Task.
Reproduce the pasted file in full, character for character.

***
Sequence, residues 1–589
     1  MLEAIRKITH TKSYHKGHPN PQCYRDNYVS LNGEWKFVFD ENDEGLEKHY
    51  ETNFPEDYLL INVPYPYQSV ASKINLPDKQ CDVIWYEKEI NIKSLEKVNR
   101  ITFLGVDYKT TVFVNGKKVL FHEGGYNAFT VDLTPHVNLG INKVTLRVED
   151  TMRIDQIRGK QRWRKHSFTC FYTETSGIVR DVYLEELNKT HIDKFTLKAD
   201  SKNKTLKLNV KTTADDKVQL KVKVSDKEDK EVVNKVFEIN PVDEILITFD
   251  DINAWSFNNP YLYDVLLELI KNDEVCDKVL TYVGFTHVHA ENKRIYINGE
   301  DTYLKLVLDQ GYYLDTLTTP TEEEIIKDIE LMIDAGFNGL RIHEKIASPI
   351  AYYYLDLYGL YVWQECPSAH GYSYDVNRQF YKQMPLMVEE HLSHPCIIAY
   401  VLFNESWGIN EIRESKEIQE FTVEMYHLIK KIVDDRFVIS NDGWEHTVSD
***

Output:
Sequence, residues 1–589
     1  MLEAIRKITH TKSYHKGHPN PQCYRDNYVS LNGEWKFVFD ENDEGLEKHY
    51  ETNFPEDYLL INVPYPYQSV ASKINLPDKQ CDVIWYEKEI NIKSLEKVNR
   101  ITFLGVDYKT TVFVNGKKVL FHEGGYNAFT VDLTPHVNLG INKVTLRVED
   151  TMRIDQIRGK QRWRKHSFTC FYTETSGIVR DVYLEELNKT HIDKFTLKAD
   201  SKNKTLKLNV KTTADDKVQL KVKVSDKEDK EVVNKVFEIN PVDEILITFD
   251  DINAWSFNNP YLYDVLLELI KNDEVCDKVL TYVGFTHVHA ENKRIYINGE
   301  DTYLKLVLDQ GYYLDTLTTP TEEEIIKDIE LMIDAGFNGL RIHEKIASPI
   351  AYYYLDLYGL YVWQECPSAH GYSYDVNRQF YKQMPLMVEE HLSHPCIIAY
   401  VLFNESWGIN EIRESKEIQE FTVEMYHLIK KIVDDRFVIS NDGWEHTVSD